Military Divorce in Hawaii – Oahu

Honolulu HI Military Divorce Lawyers – Pearl Har

Fort Shafter, Hickam Air Force Base, Kanoehe Marine Base, Scofield Barracks, Tripler Medical Center, Wheeler Airfield, and other United States military bases and facilities on the island of Oahu.

Military Divorce & Related Family Issues Involving the Military
There are people who mistakenly think that a “military divorce” somehow has to be approved and granted by the military, but this is simply not the case. People who are serving our country in the armed forces have to go through the same civil proceedings that civilians are subject to, but there are indeed some complexities that apply to people serving in the military that civilians do not have to address. For this reason it is always a good idea to retain the services of a Honolulu divorce lawyer who has a history handling military divorce cases to make sure that your interests are being advocated properly. “Going it alone” when you are engaged in any legal matter is rarely a prudent course of action, but it is especially risky in military divorce cases.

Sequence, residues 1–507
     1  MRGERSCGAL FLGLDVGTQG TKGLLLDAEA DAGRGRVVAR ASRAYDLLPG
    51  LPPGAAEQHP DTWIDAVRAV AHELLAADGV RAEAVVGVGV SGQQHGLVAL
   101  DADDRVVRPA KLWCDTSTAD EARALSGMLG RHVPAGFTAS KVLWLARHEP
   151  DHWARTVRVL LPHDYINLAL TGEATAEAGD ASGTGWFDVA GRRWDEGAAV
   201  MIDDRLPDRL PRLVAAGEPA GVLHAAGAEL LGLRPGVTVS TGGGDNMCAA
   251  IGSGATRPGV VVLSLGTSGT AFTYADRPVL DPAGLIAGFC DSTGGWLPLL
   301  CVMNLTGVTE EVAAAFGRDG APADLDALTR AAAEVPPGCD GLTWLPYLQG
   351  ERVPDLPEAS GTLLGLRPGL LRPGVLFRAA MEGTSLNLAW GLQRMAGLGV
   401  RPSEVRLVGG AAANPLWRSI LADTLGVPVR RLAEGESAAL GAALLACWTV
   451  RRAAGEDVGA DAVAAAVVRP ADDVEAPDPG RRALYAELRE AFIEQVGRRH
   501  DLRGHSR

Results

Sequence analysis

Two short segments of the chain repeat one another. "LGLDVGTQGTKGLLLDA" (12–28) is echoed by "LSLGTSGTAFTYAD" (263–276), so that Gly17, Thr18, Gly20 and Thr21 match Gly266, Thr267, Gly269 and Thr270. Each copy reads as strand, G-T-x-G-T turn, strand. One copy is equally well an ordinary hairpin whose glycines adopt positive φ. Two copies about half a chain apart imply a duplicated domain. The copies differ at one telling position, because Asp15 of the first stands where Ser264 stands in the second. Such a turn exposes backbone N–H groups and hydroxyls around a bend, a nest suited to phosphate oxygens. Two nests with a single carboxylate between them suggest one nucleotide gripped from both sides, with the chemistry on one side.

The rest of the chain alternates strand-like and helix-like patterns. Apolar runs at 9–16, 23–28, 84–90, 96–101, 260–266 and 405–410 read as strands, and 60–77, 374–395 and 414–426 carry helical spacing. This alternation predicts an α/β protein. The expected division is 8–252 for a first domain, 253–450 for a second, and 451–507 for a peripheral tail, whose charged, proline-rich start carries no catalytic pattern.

The single most significant issue that makes military divorce cases more complicated than others in many instances is that of residency. Title 580 of the Hawaii Statutes states that one or both of the individuals who are involved in the divorce proceeding must have resided in the state of Hawaii for at least six months prior to the filing. The statute specifically mentions that military service members are subject to this same stipulation. As we all know, people who are in the service are often transferred, and they are sometimes deployed overseas in war zones. This can cloud the matter of residency when one half of the couple is serving, but when both partners are in the service, it can get even more difficult to establish residency.

Some of these logistic difficulties that members of the military face when they are serving have been addressed by the passage of the Servicemembers Civil Relief Act in 2003. This act states that people who are serving in the military are not required to respond to civil actions while they are on active duty, and even for a period of 30-90 days after they have been discharged. This applies to divorce proceedings, so essentially, if you are on active duty you can’t be divorced until you are discharged if you choose to exercise your rights under the SCRA (this is at the discretion of the jurisdictional court).

Matters of military divorce and related family issues involving the military can be complex, so it is alway advisable to engage the services of a Honolulu HI divorce lawyer to help guide you through the process.